By Karen Greer
For the Journal Inquirer
January 7, 2010
Millions who will be listening to the “Live from the Metropolitan Opera” broadcast of “Carmen” on Saturday, Jan. 16, can only dream of being there in New York City when the great gold curtain rises. However, this dream can easily become a reality because there’s still time to join the Manchester Symphony Orchestra and Chorale’s annual opera trip.
Even opera lovers within traveling distance will have trouble finding tickets for this sold-out performance and then making their way through the winter weather on their own. The MSOC opera trip eliminates both of those challenges.
There’s no problem with traffic, parking, or getting around mid-town Manhattan.
“Just relax and enjoy the ride,” says trip organizer Leslie Lisle, a cellist with MSOC. “The driver drops the group off right at Lincoln Center.”
|Liz Barrett Costa Mayerson of East Hartford, left, and Carol Iczkowski of South Windsor on the grand staircase of the Metropolitan Opera House. The pair traveled to New York City with the Manchester Symphony Orchestra and Chorale’s 2009 opera trip, for a performance of “Rigoletto.”
For those new to opera, there’s no finer introduction than a trip to The Met. The Metropolitan Opera house is more stunning than ever after recent renovations to Lincoln Center, and now features interesting exhibits on its history with magnificent costumes on display.
Bizet’s “Carmen” has melodies that even the most casual classical music listener is sure to recognize, plus plenty of drama and action. Since the recent introduction of high-definition simulcasts to movie theaters world-wide, the Met’s productions are reaching new levels of stagecraft and choreography.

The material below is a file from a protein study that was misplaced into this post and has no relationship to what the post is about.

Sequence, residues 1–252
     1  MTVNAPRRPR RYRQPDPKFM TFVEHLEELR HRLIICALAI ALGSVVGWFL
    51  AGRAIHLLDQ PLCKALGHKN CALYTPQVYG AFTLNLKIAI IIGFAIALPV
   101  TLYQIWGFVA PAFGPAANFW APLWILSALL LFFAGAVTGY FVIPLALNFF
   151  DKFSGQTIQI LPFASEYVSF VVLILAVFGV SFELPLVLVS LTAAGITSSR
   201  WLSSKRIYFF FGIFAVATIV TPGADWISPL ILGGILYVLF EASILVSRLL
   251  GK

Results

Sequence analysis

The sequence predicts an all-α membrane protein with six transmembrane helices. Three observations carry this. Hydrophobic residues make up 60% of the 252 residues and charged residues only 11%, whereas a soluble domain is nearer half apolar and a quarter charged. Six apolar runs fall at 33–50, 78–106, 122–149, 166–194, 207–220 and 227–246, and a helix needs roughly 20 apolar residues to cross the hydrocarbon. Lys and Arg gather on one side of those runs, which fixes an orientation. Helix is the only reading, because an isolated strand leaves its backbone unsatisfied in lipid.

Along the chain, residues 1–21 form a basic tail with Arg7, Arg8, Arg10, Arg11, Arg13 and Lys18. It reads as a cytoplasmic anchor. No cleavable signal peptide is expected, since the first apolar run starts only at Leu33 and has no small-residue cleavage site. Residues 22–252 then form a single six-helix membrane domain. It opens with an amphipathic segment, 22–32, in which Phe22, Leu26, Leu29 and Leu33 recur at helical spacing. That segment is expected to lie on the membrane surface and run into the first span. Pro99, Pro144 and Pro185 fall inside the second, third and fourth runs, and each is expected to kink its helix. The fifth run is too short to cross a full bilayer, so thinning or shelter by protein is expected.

This season’s new production of “Carmen” is the work of Olivier Award-winning director Richard Eyre. On the Metropolitan Opera Web site, he says “‘Carmen’ is about sex, violence, and racism— and its corollary: freedom.'”
The afternoon should be a memorable experience for seasoned opera fans, as well. Mezzo-soprano Elna Garana is Carmen, the gypsy girl who captures the heart of Don Jose, sung by acclaimed tenor Roberto Alagna. Baritone Mariusz Kwiecien completes the love triangle as Escamillo.
The MSOC opera trip is always well-attended by the MSOC’s own musicians, whose knowledge and enthusiasm adds to the experience. Lisle, who has been on several previous opera trips, describes the atmosphere on the bus as “convivial.” “People bring food to share and they have a good time.”
With an 8 a.m. departure, the bus should arrive in time for a quick lunch or some sightseeing before the 1 p.m. curtain time. The area around Columbus Circle has restaurants and shops for all budgets and tastes. Then, listeners can let the magic of Bizet’s music chase away the winter doldrums with its passionate love story set in sunny Spain.
The MSOC opera bus leaves the Spencer Street commuter lot in Manchester at 8 a.m. and returns at approximately 8:15 p.m. The price of $120 per-person includes transportation, opera ticket, driver’s tip, and a contribution to MSOC. To join the trip, or for more information, e-mail MusicSix [at] cox.net or phone 860-228-2921. The MSOC Web site is: www.msoc.org